June 1, 2015
New Brief Explores Causes and Consequences of Student Mobility
EAST LANSING, Mich. (June 1, 2015) – A new brief out today explores the causes and consequences of student mobility, a widespread, and often-unheralded, problem facing American schools. According to the brief, student mobility can negatively impact student achievement on test scores, high school graduation prospects, and even student behavior. Multiple moves and those accompanied by family disruptions produce more severe impacts.
The brief, written by Russell Rumberger, professor of education in the Gervirtz Graduate School of Education at the University of California Santa Barbara, is published by the National Education Policy Center (NEPC) with funding from the Great Lakes Center for Education Research and Practice.
Families initiate most student mobility due to changing residences, but according to the brief, schools initiate transfers due to expulsion or school closings.
A review of extant research suggests that changing schools harms normal child and adolescent development by disrupting relationships with peers and teachers, and by interrupting a student's educational program.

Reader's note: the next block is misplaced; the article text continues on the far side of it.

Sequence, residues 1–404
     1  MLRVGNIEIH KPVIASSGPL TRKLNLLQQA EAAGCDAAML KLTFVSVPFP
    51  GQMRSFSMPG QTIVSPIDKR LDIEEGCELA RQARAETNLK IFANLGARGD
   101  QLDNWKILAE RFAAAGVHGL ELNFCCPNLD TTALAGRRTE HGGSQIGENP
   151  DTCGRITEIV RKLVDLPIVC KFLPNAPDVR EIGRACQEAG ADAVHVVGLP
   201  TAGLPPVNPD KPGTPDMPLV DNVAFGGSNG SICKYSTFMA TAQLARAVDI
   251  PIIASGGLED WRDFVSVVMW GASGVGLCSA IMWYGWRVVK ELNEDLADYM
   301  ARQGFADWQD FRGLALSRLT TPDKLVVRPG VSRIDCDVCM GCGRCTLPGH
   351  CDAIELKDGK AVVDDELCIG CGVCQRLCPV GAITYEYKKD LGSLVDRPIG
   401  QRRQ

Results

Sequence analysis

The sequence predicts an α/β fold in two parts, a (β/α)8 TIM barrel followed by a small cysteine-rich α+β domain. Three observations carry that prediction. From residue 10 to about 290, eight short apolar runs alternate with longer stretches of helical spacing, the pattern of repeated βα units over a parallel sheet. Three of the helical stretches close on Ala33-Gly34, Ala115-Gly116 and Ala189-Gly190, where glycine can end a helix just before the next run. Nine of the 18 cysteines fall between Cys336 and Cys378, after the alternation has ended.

Rumberger's brief is accompanied with a series of recommendations. However, he cautions that mediating the effects of student mobility requires solutions that are adaptable and applicable to students and schools.
To reduce the negative impacts of student mobility, Rumberger recommends:
Rumberger highlights a need for expanded research efforts to study the impact of student mobility. Additionally, he suggests, "Further research is also needed to document the impact of mobility on schools and on the achievement of non-mobile students."
Find the brief on the web: http://www.greatlakescenter.org
This policy brief was produced by the National Education Policy Center (NEPC) at the University of Colorado Boulder with funding from the Great Lakes Center for Education Research and Practice.
The brief can also be found on the NEPC website: http://nepc.colorado.edu
Russell W. Rumberger is Professor of Education in the Gevirtz Graduate School of Education at UC Santa Barbara. A faculty member at UCSB since 1987, Professor Rumberger has published widely in several areas of education: education and work; the schooling of disadvantaged students, particularly school dropouts and linguistic minority students; school effectiveness; and education policy. He directs the California Dropout Research Center (http://cdrp.ucsb.edu/).
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The mission of the Great Lakes Center for Education, Research & Practice is to support and disseminate high quality research and reviews of research for the purpose of informing education policy and to develp reasearch-based resources for use by those who advocate for education reform.
Visit the Great Lakes Center website at http://www.greatlakescenter.org/